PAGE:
When the founder of the 12th largest microbrewery in the United States announces its sale, it gets attention. John McDonald revealed Boulevard Brewery’s sale to Belgian-based Duvel Moortgat in late October, and media around the world picked up the story. Locally, the backlash was immediate.
Within minutes of the announcement social media erupted with comments from people saying they’d never drink another Boulevard beer, that McDonald had “sold out,” that the “foreign takeover was starting.”
I have to admit I wasn’t ready for that kind of rancor. It looked to me like McDonald had done his due diligence and found an exit strategy that benefited not only himself, but the business, his employees, his customers and Kansas City.
To a large extent, the vitriol is a byproduct of Boulevard’s wild success. When a brand builds a fan following as large and as intense as Boulevard’s, there’s bound to be a deeply personal connection to the brand, even a sense of ownership. And no one asked all those “brand owners” whether they wanted “their” brand to be sold.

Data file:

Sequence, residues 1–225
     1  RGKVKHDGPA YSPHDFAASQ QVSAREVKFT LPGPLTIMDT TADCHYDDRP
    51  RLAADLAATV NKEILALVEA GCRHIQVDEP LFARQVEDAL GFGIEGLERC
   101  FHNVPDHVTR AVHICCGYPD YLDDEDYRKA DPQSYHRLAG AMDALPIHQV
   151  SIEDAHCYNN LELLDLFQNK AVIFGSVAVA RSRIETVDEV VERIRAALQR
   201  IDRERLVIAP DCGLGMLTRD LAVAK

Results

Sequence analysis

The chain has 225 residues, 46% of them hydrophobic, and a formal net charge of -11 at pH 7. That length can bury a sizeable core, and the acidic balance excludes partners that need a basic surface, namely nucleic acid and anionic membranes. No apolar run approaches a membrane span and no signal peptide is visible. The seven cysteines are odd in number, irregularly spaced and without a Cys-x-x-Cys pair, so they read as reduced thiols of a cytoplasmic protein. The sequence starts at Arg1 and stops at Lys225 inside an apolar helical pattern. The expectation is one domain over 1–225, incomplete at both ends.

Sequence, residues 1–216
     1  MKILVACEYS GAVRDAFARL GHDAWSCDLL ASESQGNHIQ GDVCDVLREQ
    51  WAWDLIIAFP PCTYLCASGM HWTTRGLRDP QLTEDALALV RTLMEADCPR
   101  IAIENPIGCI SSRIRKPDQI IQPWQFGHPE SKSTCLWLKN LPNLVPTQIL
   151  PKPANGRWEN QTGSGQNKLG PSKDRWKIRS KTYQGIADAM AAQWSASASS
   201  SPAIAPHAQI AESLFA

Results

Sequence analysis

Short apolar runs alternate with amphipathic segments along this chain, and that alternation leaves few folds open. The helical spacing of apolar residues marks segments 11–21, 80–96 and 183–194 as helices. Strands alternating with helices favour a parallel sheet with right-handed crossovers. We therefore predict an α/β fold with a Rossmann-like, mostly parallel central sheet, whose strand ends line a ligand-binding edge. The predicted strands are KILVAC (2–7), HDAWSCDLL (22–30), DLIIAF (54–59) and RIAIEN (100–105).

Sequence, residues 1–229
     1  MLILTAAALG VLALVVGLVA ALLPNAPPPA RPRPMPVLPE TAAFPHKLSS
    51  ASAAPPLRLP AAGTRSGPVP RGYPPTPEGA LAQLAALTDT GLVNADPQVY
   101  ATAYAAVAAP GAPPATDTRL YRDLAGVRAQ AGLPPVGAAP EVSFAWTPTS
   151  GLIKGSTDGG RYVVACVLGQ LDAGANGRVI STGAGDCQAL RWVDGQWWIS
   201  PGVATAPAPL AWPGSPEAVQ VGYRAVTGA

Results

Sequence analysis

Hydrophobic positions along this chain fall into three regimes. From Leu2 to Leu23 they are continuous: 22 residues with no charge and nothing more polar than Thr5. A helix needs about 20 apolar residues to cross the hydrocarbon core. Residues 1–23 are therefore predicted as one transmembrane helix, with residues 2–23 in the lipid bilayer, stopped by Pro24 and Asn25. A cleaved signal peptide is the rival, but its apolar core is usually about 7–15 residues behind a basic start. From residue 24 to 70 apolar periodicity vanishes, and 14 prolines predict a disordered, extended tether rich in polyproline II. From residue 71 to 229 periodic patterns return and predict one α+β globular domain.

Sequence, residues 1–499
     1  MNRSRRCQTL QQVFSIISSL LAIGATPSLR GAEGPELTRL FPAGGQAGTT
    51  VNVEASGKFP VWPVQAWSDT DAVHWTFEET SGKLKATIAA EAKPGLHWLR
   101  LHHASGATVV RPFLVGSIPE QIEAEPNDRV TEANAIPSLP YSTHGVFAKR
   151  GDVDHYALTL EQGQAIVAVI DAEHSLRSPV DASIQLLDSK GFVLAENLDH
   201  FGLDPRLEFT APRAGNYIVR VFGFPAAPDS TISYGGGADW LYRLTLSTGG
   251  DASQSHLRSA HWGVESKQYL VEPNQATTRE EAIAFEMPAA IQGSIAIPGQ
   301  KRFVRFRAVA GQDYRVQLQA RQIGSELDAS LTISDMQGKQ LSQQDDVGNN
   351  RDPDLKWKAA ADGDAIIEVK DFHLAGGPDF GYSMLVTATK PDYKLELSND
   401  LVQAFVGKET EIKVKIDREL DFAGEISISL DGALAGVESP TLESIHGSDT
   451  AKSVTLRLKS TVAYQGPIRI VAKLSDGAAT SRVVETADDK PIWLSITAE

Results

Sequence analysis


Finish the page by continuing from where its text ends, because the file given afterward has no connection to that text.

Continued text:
The fact of the matter is that McDonald spent 25 years dedicating his life to building Boulevard. Sure, we savored the beer, bought the merchandise, took the tours. But he took all the risk. And now, at age 60, he appears to have found the perfect exit in another family-owned craft brewery known for its dedication to quality. He remains a minority partner, and has a seat on the board of directors. The deal opens up international distribution channels, and the brewery, already operating at capacity, benefits from a capital infusion that allows it to expand in Kansas City. Plus, he retains his hometown team of employees.
McDonald has spent a lifetime pleasing his customers, brewing quality products, and creating a memorable brand experience. There’s no reason to believe he’s going to stop now.